From The New York Times / Bay Citizen
January 27, 2012
By David Downs
The threat of online piracy to the entertainment industry has been all over the news thanks to a set of Congressional bills, but Cole Stratton, co-founder of the 11-year-old San Francisco comedy festival SF Sketchfest, could not be more pleased about the current intersection of comedy and technology.
“I do think we’re living in a golden era of comedy,” he said.
And Silicon Valley is powering the boom.
Sketchfest was founded as an outlet for San Francisco improvisational comics to perform live, but it has hit its stride mixing comedy stars with talent emerging from the Web. The 17-day festival began last weekend and runs through Feb. 4. It has grown to 450 comics — including Amy Poehler, Paul Rudd, Eddie Izzard and Drew Carey — appearing in 110 shows.
While mainstream successes like Ms. Poehler and Mr. Rudd headline events, festival organizers say the bulk of their programming reflects comedy’s new reliance on the Web, where comedians can create, record, promote and distribute their material with ease.
According to members of Kasper Hauser, a San Francisco comedy group composed of Dan Klein, James Reichmuth, John Reichmuth and Rob Baedeker, the online-heavy programming is unavoidable.
“If you were a comedy festival that was not dipping heavily into the new media of Twitter, YouTube and podcast stars, you would be totally out of sync with the times,” James Reichmuth said.
However, industry veterans also said that new media’s power of amplification can impede creativity as well as enhance it — and a popular YouTube video performance does not necessarily translate in front of a live audience.
For Sketchfest, the Web-first strategy starts with booking. The festival went paperless for the first time this year; almost all auditions are done over e-mail, Mr. Stratton said. He and David Owen and Janet Varney, his co-founders, discover new talent by swapping links.
The approach seems to be working: as of Thursday, 18 shows had sold out.
The primacy of one innovation, podcasting, is even more apparent among comics this year. Ten podcasts will be recorded live at SF Sketchfest, including the first appearance by the director Kevin Smith doing his very popular “Smodcast” live. Also notable is the appearance of Drew Carey, the “Price is Right” host and comic icon, who joins Mr. Stratton and Vanessa Ragland for their “Pop My Culture” podcast on Jan. 28.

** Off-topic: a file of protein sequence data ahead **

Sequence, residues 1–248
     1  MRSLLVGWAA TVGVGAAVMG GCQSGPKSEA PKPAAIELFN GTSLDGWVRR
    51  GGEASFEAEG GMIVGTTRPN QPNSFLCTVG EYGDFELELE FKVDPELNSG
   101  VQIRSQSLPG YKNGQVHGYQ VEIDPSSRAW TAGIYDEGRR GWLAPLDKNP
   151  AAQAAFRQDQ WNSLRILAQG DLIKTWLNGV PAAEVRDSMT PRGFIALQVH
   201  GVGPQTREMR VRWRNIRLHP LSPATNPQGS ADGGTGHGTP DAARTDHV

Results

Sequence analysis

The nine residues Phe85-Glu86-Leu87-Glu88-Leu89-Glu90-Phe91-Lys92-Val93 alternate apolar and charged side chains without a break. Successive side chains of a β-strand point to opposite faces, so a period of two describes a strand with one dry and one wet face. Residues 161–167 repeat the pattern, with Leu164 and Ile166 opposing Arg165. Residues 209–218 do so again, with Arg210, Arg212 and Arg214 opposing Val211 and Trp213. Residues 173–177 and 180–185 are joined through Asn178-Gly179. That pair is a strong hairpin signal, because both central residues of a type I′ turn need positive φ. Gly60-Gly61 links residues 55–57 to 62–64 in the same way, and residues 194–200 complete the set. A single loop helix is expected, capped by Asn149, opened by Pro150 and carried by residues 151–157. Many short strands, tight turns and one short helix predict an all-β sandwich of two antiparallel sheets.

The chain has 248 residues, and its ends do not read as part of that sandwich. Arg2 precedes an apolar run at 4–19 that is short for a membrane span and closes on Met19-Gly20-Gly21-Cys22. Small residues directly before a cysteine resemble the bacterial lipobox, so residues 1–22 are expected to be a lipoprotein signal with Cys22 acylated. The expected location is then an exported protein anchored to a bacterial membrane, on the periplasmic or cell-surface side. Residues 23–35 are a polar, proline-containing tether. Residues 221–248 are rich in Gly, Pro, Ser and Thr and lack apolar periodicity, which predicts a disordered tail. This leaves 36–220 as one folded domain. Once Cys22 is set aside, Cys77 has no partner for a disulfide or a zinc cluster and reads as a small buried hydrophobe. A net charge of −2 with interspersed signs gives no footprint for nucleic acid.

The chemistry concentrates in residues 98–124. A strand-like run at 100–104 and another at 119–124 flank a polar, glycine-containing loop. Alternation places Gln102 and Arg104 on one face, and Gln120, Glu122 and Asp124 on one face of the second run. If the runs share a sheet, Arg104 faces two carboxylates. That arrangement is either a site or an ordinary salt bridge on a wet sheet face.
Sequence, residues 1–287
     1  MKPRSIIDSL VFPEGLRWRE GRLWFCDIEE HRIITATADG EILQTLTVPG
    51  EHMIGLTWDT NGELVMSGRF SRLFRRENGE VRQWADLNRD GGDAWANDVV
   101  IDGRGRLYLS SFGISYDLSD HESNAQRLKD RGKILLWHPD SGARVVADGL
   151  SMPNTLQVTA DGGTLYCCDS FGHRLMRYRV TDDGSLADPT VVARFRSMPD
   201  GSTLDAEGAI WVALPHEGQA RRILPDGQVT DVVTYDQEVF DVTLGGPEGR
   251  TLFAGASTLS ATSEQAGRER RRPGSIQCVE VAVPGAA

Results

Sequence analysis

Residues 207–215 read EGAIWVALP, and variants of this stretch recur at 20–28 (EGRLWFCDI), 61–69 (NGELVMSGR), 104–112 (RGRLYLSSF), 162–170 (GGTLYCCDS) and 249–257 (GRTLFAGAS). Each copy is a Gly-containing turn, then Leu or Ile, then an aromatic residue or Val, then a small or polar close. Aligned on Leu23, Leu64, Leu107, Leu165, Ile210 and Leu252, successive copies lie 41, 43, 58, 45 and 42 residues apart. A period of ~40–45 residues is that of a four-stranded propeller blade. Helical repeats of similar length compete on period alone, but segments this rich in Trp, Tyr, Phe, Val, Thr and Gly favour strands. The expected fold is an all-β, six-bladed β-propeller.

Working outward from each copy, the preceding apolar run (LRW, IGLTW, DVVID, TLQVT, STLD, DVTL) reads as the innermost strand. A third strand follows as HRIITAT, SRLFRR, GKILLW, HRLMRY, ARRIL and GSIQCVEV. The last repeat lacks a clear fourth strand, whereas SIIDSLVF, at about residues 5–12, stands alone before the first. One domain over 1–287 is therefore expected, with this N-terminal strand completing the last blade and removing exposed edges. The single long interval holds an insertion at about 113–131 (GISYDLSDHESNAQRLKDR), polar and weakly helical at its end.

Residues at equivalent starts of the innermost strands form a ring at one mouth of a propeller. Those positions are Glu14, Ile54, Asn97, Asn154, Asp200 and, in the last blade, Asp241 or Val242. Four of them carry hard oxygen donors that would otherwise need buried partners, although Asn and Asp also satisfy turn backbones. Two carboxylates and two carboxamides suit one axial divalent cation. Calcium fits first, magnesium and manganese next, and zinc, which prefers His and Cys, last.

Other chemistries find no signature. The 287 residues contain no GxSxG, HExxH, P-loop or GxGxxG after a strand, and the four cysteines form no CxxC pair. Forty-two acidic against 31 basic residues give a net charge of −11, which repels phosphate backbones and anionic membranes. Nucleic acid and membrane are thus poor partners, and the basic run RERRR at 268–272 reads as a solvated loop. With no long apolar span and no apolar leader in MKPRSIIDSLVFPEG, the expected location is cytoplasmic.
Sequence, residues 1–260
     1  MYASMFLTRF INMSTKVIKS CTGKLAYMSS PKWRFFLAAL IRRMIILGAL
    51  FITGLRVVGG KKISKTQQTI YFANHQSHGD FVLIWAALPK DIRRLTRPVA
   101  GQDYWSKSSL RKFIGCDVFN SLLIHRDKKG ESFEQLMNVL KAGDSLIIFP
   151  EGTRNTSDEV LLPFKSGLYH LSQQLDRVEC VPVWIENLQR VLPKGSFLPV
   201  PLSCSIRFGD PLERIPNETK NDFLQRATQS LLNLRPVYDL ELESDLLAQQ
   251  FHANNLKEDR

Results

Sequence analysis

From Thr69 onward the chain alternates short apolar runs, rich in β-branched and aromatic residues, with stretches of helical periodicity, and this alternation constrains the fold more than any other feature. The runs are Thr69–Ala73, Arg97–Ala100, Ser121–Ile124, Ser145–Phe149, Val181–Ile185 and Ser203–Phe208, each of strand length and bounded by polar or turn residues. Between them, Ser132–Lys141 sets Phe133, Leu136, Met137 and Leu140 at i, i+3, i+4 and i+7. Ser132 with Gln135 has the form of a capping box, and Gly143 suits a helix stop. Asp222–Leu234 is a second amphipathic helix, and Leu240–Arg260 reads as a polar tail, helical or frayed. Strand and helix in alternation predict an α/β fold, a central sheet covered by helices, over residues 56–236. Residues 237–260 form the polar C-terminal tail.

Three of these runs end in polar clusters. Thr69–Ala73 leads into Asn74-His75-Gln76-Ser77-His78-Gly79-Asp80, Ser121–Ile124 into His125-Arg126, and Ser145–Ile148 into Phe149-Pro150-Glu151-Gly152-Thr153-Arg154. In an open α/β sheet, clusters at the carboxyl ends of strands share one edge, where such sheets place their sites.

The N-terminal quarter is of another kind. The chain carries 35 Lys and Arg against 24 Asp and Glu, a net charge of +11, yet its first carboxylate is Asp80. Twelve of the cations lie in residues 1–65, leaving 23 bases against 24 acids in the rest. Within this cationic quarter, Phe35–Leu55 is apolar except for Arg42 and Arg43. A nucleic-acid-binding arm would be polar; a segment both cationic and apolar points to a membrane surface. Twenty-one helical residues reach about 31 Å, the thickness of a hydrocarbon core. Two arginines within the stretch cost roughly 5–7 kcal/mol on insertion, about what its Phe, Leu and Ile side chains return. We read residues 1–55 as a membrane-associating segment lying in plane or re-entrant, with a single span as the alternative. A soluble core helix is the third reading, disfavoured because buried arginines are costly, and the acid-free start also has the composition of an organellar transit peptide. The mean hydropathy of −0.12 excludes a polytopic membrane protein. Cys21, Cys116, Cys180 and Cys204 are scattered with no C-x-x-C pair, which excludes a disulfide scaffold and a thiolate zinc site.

For some industry veterans like Marc Maron, host of the wildly successful podcast “WTF with Marc Maron,” reaching audiences directly was a game-changer.
“I’m able to sell out shows, which I’ve never been able to do in my 25 years of working,” Mr. Maron said. “That’s a whole new universe for me, and all of that is directly because of the podcast.”
Other tech tools are also on display at Sketchfest. For instance, a group of “Mystery Science Theater 3000” alumni, known as Rifftrax, sync sound files to any movie, dodging copyright to make money mocking popular targets like the “Twilight” trilogy.
Shows like this Saturday’s “Rick Overton: Substitute Global Ambassador” rely on PowerPoint-style technology, while Superego, a comedy troupe, used two laptops last week to bring to life a live radio show version of their hit podcast.
Kasper Hauser, no stranger to online comedic efforts (they got national attention with their satire of the radio show “This American Life”), also work offline with both improvised and scripted sketches. James Reichmuth said a blog post on BoingBoing.com gave them their break, in contrast to the old entertainment industry nepotism.
“Back then it was like, ‘Well, my uncle knows somebody who works at Paramount and he can read my spec script.’ Now the thing to do would just be skip that step entirely and make a video and do Twitter or whatever,” he said.
But democracy is also messy. Without filters, comedy veterans say that the field has gotten more scatological, amateurish and exhausting.
“The democratization part is absolutely real,” James Reichmuth said. “It does two things, though. It goes high and it goes low.”
Mr. Stratton said his team is very wary about booking Web stars without seeing live show footage. “We don’t know if it translates to a live show,” he said.
Also, the acceleration of comedy has changed the joke-writing process. In the past, comics would hone material by working the stage at comedy clubs, without the fear of unauthorized recordings. Jokes now have a much shorter half-life, and comedians howl over premature dissemination.
“It may be a joke they’re working on, or a joke they wanted to put on a record and now all of a sudden it’s available to everyone,” said Mr. Maron.
The Web also breeds an addiction to comedic content mere mortal comics cannot feed. “The creative competition with the machine is ultimately what you’re up against. And constant gratification is not something a human being can deliver,” Mr. Maron said.
For better or worse, though, there is no going back. Some comics might protest, but as Mr. Stratton noted, “a year from now they’ll have a podcast. Guarantee you it.”
This article has been revised to reflect the following correction:
Correction: January 27, 2012
An earlier version of this article misidentified the co-host of the podcast “Pop My Culture.” She is Vanessa Ragland, not Janet Varney.